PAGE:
eDiscovery has matured into a petulant toddler. At least, that is the sentiment of a panel discussing the “State of the eDiscovery Software & Service Market” at LegalTech. Since its inception in December 2006 as an amendment to the Federal Rules of Civil Procedure (FRCP), electronic discovery, has grown exponentially; however, the means to harness and extract pertinent discovery has not evolved inline. This is rapidly transforming.
Technology will nurture eDiscovery into maturity. According to the panel, law firms and corporate counsel will better utilize technology with all forms of eDiscovery. These types of eDiscovery data, including voice, video, and real-time streaming coupled with the sheer volume and the speed of accessibility is simply too overwhelming for human consumption. Technology is the answer, but how?
The answer lies in what trends we will see in 2013:
What do law firms plan on initiating in the next year:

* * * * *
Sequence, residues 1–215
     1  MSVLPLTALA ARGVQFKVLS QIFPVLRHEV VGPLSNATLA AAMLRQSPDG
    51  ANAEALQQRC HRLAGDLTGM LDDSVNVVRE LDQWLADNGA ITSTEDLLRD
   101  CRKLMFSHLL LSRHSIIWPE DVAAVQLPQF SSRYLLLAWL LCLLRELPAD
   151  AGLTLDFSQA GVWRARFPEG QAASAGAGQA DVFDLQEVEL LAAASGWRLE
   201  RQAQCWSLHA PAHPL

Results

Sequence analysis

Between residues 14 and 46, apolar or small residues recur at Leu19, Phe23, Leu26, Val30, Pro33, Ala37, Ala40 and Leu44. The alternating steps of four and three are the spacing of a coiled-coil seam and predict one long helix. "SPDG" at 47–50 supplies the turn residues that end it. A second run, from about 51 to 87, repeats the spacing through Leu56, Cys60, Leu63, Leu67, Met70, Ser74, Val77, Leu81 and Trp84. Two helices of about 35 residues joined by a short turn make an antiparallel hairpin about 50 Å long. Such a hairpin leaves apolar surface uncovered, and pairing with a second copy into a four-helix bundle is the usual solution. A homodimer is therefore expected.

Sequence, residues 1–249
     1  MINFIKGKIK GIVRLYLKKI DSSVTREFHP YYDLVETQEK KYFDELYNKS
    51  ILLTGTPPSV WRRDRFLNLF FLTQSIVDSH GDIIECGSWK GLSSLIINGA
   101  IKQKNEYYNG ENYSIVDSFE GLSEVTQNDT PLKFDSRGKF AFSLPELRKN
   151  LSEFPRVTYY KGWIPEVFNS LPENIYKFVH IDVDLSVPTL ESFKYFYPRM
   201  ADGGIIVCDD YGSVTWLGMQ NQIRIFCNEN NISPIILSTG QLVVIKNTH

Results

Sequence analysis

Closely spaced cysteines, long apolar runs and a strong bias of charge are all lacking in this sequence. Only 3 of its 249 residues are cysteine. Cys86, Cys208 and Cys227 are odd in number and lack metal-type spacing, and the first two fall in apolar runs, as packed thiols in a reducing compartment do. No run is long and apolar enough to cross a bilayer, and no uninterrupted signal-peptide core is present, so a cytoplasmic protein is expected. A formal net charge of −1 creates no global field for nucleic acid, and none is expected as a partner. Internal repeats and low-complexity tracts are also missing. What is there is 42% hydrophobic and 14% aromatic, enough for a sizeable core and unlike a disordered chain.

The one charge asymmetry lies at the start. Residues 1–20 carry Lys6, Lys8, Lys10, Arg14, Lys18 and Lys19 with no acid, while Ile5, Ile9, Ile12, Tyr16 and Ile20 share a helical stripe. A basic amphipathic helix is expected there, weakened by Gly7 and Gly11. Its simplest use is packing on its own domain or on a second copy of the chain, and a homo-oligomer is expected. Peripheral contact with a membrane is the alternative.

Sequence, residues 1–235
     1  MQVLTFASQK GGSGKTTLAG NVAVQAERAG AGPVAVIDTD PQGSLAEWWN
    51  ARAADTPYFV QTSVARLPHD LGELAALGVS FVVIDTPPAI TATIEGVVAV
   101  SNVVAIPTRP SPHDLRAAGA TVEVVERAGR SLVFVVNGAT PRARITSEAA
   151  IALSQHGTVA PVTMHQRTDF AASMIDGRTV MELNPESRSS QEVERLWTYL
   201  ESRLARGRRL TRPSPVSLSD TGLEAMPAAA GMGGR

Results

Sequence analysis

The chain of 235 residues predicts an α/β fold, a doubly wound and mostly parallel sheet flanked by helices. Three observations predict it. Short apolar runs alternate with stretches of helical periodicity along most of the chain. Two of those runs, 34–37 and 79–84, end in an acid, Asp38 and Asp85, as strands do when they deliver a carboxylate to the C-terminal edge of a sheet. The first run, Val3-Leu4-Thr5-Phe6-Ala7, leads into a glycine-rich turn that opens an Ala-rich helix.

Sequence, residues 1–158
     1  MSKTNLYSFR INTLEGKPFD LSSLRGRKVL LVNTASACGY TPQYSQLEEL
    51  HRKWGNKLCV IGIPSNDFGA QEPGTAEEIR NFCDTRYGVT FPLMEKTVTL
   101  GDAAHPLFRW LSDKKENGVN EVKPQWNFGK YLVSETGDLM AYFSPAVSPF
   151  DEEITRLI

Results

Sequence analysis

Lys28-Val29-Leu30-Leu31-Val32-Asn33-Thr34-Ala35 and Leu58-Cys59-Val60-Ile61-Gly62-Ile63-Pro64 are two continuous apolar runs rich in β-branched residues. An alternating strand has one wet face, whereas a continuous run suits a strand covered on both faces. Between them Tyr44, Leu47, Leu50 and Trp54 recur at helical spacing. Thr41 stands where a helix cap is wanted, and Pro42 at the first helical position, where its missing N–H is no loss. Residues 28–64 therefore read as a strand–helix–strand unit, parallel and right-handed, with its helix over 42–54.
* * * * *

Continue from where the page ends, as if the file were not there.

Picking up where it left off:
Ultimately, the panel suggests that law firms will be replacing a large portion of internal litigation support services, i.e. processing, hosting, and support with managed services partners.
Final anecdote: Howrey, one of the largest law firms to collapse a few years ago, always has been cited for accounting issues as the basis of its demise. However, one person noted that a little known major contributing factor was that they were “eDiscovery inept.” Essentially, vendors had better eDiscovery solutions, and Howrey spent too much on human resources instead of technology for its discovery needs.
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